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Mesothelioma Report Shows All Types of Asbestos Can Be Lethal

Close Up View of Asbestos
Microscopic view of asbestos fibers

A new report from researchers at Massachusetts General Hospital in Boston confirms what many scientists have long believed – that no type of asbestos is “safe” and that all can lead to malignant mesothelioma.

In a study of 62 malignant peritoneal mesothelioma patients published in the American Journal of Industrial Medicine, the researchers found that more than a quarter of the cases of diffuse peritoneal mesothelioma were linked to chrysotile asbestos alone.

The news appears to contradict the argument, made some some companies that mined or used asbestos, that chrysotile asbestos is less deadly than other varieties.

Asbestos Varieties and Mesothelioma

Asbestos mineral fibers come in several different varieties. The most common is the serpentine-shaped chrysotile  or “white” asbestos found in roof tiles, ceilings, walls, and floors of many older homes and businesses.

There are also five amphibole varieties of asbestos including actinolite, amosite, anthophyllite, crocidolite, and tremolite. These fibers have a straight shape and were prized for their heat resistance.

Although some have tried to argue that chrysotile asbestos is less dangerous than amphibole, the US Department of Health and Human Services, the International Agency for Research on Cancer, and the EPA classify all types of asbestos as carcinogenic, capable of causing malignant mesothelioma.

Assessing the Causes of Mesothelioma

After analyzing the medical records and legal cases of 51 men and 11 women with diffuse peritoneal mesothelioma, the Massachusetts General researchers found that 26 percent of cases were caused by chrysotile asbestos exposure alone.

In fact, among the mesothelioma cases in people who did not directly work with asbestos (paraoccupational exposure), half of them were exposed only to chrysotile asbestos, suggesting that chrysotile, like other types of asbestos, can cause mesothelioma and other cancers.

Mesothelioma’s Long Latency

Previous studies have demonstrated that, the longer a person is exposed to asbestos, the higher the likelihood that they will eventually receive a mesothelioma diagnosis. Nevertheless, shorter exposure is not necessarily safer. Patients in the new study were exposed to asbestos for an average of 17.9 years, but the shortest asbestos exposure duration before a mesothelioma diagnosis was less than 8 years.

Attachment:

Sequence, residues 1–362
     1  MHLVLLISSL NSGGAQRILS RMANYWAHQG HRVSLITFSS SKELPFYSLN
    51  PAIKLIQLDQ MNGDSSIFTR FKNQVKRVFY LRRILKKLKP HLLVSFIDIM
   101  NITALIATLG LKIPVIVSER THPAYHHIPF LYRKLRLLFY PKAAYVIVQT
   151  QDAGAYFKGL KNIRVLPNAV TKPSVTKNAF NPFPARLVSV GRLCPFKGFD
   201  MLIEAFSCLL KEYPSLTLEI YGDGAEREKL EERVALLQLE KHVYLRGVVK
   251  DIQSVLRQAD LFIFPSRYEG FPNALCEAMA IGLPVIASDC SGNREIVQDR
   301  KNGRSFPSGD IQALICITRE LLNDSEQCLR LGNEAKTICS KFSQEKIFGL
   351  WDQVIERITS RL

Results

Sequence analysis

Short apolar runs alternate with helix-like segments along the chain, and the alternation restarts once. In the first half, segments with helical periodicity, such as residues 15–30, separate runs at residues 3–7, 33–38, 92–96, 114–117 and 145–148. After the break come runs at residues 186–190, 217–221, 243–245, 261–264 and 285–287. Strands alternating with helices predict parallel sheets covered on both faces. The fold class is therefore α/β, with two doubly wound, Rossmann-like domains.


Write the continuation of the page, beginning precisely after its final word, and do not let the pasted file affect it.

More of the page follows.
Like other forms of asbestos, chrysotile can take a long time to do its destructive work, which sometimes makes it difficult to trace the cause of a case of mesothelioma. In the new study, the average time from a patient’s first asbestos exposure to their mesothelioma diagnosis was more than 45 years with the longest being more than 57 years.

What is Diffuse Peritoneal Mesothelioma?

Diffuse peritoneal mesothelioma is a virulent cancer that affects the lining around the abdominal organs. The overwhelming majority of diffuse peritoneal mesothelioma cases can be directly linked to asbestos exposure, either in the workplace or in the environment. Many women are exposed when they handle the contaminated clothing of a loved one.

Once asbestos enters the body, either via the lungs or the digestive tract, it tends to stay there, triggering inflammation and irritation that can result in mesothelioma decades later.


Kradin, RL, et al, “Diffuse peritoneal mesothelioma: A case series of 62 patients including paraoccupational exposures to chrysotile asbestos”, September 22, 2017, American Journal of Industrial Medicine, Epub ahead of print

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